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Vatican 'regrets' female bishops decision

  • Story Highlights
  • NEW: Move a rift to apostolic tradition of ordaining only men as bishops, says Vatican
  • Church of England's General Synod passed resolution allowing female bishops
  • Some traditionalists threaten to leave Anglican Church for Roman Catholic Church
  • First consecration of a female bishop could happen in 2015
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(CNN) -- The Vatican said Tuesday it regrets the decision by the Church of England's governing body to allow the ordination of women as bishops.

General view of the Synod Assembly Chamber during the General Synod Session.

General view of the Synod Assembly Chamber during the General Synod Session.

The move by the Anglican Church's General Synod "is a rift to the apostolic tradition" of ordaining only men as bishops, the Vatican said in a statement, and is another obstacle to reconciliation between Anglicans and Roman Catholics.

"This decision will have consequences on the dialogue which had brought good fruits," the Vatican statement said.

The General Synod passed a resolution Monday night that allows women to become bishops, acting over the objections of traditionalists who argued that Jesus only wanted men in leadership positions.

Some traditionalists have threatened to abandon the Anglican Church for the Roman Catholic Church if women become bishops. Several hundred Anglican priests made that move when women were first ordained 16 years ago.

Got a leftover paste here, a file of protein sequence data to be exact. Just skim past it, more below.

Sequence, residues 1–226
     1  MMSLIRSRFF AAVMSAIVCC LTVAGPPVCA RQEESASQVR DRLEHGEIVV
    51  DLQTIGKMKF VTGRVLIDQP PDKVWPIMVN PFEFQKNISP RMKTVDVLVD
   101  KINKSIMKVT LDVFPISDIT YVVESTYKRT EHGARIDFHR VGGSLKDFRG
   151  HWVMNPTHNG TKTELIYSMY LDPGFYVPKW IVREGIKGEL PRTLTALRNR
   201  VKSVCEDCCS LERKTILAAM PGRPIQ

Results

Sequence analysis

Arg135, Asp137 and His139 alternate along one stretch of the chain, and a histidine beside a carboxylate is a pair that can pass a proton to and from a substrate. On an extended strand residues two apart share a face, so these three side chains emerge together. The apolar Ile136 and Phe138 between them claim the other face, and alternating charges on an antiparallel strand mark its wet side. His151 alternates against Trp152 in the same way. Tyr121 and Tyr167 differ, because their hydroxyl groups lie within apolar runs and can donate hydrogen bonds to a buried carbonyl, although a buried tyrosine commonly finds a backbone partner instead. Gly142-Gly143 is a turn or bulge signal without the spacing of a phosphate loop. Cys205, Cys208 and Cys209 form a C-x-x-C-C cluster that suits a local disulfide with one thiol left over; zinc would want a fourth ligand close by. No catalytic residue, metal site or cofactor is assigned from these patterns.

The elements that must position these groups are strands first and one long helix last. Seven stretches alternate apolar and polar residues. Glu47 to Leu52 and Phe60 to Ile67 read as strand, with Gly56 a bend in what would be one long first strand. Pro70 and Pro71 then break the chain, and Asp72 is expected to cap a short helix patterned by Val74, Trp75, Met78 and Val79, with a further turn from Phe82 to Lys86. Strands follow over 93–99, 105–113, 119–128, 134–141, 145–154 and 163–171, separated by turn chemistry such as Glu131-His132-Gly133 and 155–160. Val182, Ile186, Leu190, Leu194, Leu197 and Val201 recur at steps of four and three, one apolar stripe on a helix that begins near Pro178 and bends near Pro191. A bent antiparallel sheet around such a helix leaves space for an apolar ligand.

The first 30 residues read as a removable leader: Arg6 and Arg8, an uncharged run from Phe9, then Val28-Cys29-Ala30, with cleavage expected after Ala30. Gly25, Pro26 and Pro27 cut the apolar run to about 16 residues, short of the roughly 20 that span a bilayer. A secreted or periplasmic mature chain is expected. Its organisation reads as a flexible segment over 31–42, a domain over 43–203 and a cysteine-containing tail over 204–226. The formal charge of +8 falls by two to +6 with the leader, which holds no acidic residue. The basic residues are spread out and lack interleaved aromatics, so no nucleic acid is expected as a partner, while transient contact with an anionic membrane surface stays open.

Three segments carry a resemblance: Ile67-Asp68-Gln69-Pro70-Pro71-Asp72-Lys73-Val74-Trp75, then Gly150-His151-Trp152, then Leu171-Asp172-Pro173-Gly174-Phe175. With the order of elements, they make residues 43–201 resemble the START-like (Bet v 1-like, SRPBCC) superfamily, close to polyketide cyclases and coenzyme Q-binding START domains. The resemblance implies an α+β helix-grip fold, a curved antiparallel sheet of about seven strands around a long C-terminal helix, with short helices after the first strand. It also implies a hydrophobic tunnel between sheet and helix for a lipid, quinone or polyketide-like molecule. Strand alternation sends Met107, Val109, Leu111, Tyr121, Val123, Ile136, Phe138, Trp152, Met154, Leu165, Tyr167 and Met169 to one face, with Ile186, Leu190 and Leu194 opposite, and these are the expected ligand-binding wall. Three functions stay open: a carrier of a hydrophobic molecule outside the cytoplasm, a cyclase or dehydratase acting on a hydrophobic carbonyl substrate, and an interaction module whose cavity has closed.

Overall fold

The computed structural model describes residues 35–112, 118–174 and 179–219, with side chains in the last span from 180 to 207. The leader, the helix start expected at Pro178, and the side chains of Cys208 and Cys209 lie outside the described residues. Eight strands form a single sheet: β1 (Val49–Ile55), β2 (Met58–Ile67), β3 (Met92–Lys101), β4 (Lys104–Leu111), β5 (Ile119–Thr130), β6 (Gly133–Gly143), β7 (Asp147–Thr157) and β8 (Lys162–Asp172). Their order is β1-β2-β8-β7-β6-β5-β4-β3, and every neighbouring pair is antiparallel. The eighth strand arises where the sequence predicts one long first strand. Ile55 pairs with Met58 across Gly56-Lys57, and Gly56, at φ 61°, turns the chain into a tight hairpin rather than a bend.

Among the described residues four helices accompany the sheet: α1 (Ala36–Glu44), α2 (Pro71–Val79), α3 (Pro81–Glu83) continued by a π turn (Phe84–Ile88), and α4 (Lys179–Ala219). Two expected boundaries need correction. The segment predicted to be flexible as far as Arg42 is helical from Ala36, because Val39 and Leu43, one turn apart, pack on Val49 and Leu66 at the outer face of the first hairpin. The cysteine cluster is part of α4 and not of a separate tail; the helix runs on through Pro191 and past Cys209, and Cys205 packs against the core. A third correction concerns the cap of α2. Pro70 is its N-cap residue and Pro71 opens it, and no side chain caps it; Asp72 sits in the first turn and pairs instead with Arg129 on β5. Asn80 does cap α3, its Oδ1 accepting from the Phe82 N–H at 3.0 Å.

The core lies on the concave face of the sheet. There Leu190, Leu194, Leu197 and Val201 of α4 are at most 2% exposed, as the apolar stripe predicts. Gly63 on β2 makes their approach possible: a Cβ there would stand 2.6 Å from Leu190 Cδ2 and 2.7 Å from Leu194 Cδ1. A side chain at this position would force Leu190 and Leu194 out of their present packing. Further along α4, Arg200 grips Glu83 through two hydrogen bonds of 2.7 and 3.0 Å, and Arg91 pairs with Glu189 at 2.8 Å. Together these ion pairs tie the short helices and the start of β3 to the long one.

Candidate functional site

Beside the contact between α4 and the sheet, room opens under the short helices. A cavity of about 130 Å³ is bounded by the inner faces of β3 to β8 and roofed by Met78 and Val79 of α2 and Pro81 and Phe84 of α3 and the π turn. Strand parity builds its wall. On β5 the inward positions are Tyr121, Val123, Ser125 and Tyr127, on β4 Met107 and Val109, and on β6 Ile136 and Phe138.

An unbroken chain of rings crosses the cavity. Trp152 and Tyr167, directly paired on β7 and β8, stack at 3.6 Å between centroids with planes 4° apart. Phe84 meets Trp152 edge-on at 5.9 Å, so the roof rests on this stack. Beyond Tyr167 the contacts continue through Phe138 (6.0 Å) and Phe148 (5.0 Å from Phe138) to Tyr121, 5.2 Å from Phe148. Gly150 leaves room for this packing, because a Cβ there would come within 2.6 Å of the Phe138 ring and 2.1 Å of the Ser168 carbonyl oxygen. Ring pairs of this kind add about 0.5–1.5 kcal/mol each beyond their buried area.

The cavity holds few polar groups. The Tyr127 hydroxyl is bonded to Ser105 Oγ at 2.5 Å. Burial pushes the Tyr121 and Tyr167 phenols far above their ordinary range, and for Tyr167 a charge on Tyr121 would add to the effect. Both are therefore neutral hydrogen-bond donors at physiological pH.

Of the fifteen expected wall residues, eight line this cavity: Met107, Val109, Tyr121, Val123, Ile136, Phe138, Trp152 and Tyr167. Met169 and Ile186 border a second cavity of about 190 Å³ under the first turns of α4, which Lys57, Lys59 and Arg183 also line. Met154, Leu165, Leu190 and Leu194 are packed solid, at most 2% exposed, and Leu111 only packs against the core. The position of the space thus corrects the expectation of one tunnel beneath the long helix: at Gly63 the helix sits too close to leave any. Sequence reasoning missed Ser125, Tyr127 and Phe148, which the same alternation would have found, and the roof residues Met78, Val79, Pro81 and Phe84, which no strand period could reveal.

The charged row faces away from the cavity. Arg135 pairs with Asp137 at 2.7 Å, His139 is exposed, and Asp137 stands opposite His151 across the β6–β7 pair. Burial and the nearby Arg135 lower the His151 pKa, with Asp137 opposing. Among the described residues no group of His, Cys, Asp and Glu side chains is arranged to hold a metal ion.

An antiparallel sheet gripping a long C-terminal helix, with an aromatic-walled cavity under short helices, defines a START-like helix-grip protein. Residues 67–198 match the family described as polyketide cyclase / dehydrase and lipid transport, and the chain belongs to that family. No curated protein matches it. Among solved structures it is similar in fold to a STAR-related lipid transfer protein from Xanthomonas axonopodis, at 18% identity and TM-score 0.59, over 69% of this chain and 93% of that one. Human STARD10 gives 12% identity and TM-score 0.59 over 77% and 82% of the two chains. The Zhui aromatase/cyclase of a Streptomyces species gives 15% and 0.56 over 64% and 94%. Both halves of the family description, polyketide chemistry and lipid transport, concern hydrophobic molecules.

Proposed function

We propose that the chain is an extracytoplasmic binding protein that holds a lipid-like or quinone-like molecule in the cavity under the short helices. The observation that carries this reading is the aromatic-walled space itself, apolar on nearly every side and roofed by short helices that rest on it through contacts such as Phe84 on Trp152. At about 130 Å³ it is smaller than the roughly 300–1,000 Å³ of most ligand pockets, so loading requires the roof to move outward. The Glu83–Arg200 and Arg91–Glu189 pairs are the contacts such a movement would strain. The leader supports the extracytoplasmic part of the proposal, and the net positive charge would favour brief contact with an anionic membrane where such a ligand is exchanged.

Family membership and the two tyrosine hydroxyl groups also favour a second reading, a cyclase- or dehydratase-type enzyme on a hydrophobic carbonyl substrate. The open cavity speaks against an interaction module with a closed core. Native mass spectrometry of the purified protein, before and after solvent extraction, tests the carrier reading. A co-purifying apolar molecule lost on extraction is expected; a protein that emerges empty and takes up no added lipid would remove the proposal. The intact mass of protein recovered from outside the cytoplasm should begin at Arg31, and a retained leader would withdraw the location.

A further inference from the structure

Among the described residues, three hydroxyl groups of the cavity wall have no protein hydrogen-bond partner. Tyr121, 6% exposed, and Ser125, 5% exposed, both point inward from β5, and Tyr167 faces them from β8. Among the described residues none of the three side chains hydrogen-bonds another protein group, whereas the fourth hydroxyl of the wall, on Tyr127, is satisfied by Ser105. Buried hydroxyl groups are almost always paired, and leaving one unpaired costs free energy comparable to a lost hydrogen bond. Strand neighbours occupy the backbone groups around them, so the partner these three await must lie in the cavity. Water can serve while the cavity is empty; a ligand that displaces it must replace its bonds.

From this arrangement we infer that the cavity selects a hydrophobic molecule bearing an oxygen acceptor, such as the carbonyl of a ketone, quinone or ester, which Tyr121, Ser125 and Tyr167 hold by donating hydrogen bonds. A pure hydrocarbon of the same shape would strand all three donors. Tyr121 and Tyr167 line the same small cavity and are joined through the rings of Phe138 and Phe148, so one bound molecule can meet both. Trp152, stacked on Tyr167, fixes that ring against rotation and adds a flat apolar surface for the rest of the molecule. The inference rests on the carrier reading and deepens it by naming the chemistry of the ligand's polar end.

The synod narrowly rejected a proposal for "super bishops," which would have allowed parishes opposed to female bishops to opt out. Opponents argued the plan would be insulting to female bishops.

The Church of England has about 114 bishops. They supervise parishes in Britain.

The final hurdle for the consecration of female bishops is expected in February with a vote on a "code of practice" intended to protect people who as "a matter of theological conviction will not be able to receive the ministry of women as bishops or priests."

The first consecration of a female bishop could happen in 2015.

The theological debate over female bishops has centered on the question "What would Jesus do?"

The traditionalists argued that bishops must be men, as were Jesus and his apostles.

Retired Canon Alan Duke, a longtime supporter of women in church leadership posts, said those arguments "simply do not stack up."

Duke said that while Jesus named no female disciples, he used and valued woman in radical and different ways for his time.

"He was hardly going to choose women and send them into a situation where they might have been in grave risk," Duke said.

Christina Rees, with the pro-women lobby Women and the Church, described what was at stake as "an acceptance by the Church of England of women on equal terms as men in the ordained ministries."

David Holding, a traditionalist church member, said he does not object to female bishops, but "there must be a proper provision made for those who can't go along with it."

The lack of a provision to allow traditionalists to choose to be under a "super bishop" instead of a woman raises concern that a schism could develop in the Church of England.

Duke described "an awful lot of bluster" but doubted there "will be a mass exodus."

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